|Ryder: a curious diagnosis|
|Carson: nostalgic through and through|
|Wharton: supremely objective?|
|Kundera: the State lays claim to Memory|
“This is the great private problem of man: death as the loss of the self. But what is this self? It is the sum of everything we remember. Thus what terrifies us about death is not the loss of the past. Forgetting is a form of death ever present within life…But forgetting is also the great problem of politics. When a big power wants to deprive a small country of its national consciousness it uses the method of organized forgetting."
These conflicting worldviews may have discombobulated Daniel Day-Lewis, the Irish-English actor who played the hero Newland Archer in The Age of Innocence, and had five years before starred in the adaptation of the Kundera novel, The Unbearable Lightness of Being. The New York Times landed a rare interview with the acclaimed method actor as he prepared for the Scorsese film.
“[Day-Lewis] had been studying books on 19th-century etiquette as background for his character, Newland Archer, in Edith Wharton's novel about beau-monde New York during the Gilded Age. Already, he sounded happy to be ‘drawn into the vortex’ of Archer's life – ‘his subtle hypocrisies, his realization of those hypocrisies, the self-detestation…’ As the conversation in the restaurant drifts back to "The Unbearable Lightness of Being," a film he finds too bleak to think about, it becomes apparent how deeply he inherits what he reads and acts. ‘He actually changed my way of looking at things,’ he says of Kundera. ‘For a long time afterward I was very disoriented. I wasn't strong enough to resist him.’"
Q: Countess Olenska likes to shatter conformity and convention. Is that true of you?
A: I don’t know. Perhaps shattering things, yes. [She laughs.] I don’t know that I’ve ever consciously gone about doing that. I know that I’ve fought in my work against being pigeonholed… All actors are limited to a degree by the way they look. I think if you want to reach beyond the obvious roles that somebody might cast you in, you have to work for it.The observation about an actress’s appearance sounds refreshingly candid. And the necessity of having to earn something beyond the expected seems like solid advice for thespians, theologians and theoretical physicists alike. The self-effacing Pfeiffer, when asked about one of her co-stars, the aforementioned Winona Ryder, replied, "She’s terribly sophisticated for her age. She’s a strange combination. I felt kind of maternal toward her."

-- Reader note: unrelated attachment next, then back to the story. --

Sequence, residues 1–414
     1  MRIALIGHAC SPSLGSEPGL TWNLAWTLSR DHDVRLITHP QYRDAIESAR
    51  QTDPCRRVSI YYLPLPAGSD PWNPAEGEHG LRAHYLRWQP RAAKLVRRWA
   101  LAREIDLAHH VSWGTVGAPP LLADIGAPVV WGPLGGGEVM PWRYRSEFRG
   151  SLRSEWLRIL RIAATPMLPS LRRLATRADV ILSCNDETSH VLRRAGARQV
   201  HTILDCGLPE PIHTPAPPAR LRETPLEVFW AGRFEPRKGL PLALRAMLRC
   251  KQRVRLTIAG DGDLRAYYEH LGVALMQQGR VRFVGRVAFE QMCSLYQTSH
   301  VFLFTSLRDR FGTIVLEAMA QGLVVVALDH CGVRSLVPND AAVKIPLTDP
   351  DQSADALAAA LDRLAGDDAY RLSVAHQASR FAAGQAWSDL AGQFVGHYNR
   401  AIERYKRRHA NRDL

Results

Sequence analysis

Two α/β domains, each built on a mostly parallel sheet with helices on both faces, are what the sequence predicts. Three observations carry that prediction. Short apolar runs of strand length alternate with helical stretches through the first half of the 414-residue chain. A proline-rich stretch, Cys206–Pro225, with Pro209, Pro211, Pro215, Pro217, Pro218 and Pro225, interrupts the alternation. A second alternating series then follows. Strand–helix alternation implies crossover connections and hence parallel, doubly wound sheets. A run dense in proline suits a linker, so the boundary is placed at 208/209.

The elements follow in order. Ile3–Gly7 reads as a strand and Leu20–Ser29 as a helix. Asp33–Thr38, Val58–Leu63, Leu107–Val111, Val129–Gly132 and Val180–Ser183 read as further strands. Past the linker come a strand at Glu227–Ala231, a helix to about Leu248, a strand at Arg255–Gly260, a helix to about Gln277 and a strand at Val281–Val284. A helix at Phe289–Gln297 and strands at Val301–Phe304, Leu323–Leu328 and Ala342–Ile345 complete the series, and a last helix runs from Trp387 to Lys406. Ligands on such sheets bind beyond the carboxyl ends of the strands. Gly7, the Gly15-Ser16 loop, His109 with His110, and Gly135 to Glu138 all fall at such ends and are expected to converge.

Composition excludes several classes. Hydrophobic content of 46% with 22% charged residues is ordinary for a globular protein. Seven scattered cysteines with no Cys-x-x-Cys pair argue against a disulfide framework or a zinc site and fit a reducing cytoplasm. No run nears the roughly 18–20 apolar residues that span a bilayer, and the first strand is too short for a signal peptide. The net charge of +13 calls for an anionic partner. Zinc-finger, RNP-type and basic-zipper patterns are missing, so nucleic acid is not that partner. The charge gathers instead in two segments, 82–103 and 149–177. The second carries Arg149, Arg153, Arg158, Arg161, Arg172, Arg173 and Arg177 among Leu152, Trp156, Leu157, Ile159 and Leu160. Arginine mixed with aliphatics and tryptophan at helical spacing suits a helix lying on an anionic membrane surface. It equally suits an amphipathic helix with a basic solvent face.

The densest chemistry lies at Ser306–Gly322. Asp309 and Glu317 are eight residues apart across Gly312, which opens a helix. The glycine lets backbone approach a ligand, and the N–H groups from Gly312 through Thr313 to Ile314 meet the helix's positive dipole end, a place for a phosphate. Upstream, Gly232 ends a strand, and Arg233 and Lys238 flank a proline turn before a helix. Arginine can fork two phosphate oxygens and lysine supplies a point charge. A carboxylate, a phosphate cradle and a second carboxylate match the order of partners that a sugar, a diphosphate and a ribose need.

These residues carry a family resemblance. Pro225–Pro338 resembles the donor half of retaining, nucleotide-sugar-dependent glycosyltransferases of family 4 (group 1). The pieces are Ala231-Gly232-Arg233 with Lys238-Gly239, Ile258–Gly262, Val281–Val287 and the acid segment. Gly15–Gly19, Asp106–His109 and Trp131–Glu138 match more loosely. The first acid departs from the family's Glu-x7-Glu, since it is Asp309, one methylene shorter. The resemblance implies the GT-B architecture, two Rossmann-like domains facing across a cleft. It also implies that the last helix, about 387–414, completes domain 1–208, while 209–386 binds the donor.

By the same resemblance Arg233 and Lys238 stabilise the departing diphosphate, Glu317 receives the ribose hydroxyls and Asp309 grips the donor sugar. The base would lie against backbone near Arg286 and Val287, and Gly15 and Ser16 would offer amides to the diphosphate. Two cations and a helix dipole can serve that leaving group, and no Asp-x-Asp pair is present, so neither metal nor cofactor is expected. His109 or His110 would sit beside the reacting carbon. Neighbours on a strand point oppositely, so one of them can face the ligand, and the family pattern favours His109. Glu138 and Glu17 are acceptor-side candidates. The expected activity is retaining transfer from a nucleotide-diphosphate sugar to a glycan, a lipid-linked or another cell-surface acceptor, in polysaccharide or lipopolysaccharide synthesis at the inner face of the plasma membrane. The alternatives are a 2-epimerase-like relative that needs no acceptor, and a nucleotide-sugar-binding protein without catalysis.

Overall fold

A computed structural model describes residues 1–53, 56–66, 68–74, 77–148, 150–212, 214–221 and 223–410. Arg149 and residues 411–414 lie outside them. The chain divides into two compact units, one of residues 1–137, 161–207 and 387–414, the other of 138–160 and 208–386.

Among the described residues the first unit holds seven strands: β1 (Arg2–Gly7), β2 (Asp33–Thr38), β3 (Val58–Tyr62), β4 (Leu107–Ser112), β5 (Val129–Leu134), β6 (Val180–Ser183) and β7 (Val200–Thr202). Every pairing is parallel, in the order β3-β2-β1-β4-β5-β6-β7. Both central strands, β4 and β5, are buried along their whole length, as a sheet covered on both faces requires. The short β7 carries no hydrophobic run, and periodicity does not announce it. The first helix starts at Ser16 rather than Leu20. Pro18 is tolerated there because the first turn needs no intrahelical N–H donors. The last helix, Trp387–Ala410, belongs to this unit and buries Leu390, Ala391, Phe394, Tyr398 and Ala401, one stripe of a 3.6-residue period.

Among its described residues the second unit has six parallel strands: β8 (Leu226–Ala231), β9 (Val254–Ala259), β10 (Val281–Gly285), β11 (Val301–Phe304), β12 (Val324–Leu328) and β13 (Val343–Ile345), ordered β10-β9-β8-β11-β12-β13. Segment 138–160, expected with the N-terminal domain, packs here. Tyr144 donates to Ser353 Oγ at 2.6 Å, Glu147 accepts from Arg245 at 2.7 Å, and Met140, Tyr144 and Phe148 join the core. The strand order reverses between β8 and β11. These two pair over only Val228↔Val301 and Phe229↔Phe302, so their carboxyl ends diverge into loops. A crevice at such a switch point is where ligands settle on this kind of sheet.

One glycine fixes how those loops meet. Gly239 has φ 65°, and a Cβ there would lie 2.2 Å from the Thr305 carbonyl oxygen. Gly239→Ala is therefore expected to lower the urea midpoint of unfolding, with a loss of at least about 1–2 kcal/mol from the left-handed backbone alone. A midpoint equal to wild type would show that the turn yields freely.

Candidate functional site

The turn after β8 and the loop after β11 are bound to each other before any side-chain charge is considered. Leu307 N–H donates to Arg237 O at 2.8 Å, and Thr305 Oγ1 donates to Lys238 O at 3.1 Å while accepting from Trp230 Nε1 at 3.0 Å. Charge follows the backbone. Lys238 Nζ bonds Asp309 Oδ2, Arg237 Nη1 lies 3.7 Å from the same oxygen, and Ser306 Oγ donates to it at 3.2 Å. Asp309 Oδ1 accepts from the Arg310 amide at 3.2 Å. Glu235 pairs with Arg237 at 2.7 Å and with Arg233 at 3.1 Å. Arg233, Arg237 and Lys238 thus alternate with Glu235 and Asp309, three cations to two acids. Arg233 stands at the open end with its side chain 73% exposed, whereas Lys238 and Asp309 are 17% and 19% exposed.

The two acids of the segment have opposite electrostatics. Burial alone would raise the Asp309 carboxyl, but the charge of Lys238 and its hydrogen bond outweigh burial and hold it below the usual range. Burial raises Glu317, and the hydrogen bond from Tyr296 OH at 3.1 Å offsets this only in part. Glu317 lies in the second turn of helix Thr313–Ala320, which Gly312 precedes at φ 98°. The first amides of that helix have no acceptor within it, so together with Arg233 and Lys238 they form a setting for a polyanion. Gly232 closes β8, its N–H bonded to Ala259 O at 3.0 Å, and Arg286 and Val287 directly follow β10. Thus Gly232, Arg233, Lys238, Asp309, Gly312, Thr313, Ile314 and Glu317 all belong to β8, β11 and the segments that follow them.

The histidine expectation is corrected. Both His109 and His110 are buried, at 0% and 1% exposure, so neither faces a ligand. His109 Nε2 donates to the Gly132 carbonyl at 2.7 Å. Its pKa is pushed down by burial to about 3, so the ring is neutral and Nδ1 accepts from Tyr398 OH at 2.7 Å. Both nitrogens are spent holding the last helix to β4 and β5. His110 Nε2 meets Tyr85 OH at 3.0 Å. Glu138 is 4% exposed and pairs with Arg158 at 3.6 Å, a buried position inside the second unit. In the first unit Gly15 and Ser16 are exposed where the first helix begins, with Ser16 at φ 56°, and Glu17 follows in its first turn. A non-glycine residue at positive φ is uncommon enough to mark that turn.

“…an incessant, undefinable craving, like the sudden whim of a sick man for food and drink once tasted and long since forgotten… He simply felt that if he could carry away the vision of the spot of earth she walked on…the rest of the world might seem less empty.”
There is also a philosophical resonance that adds to the pleasure of re-reading or contemplating the scene. Wharton in 1908 told a friend that she enjoyed Beyond Good and Evil by Friedrich Nietzsche, according to Carol Shaffer-Koss. The author allowed that she had indulged in “a glance” at the German iconoclast’s Thus Spake Zarathustra, which offers the concept of the Eternal Return, or the Eternal Recurrence, according to your taste in repetition.
“What has always stuck in my head is the brutality under the manners. People hide what they mean under the surface of language. In the subculture I was around when I grew up in Little Italy, when somebody was killed, there was a finality to it. It was usually done by the hands of a friend. And in a funny way, it was almost like ritualistic slaughter, a sacrifice. But New York society in the 1870’s didn't have that. It was so cold-blooded. I don't know which is preferable."
“To progress in your chosen career, William, you must remember that a good servant at all times retains a sense of pride and dignity that reflects the pride and dignity of the family he serves. And never make me remind you of it again.”
She also encouraged the cross-examination of even happy memories and finds those most sound who have carefully reflected on others’ sacrifices and deference so they “…could see that their own good experiences were in some ways dependent on unjust social arrangements, or on bad experiences for others.”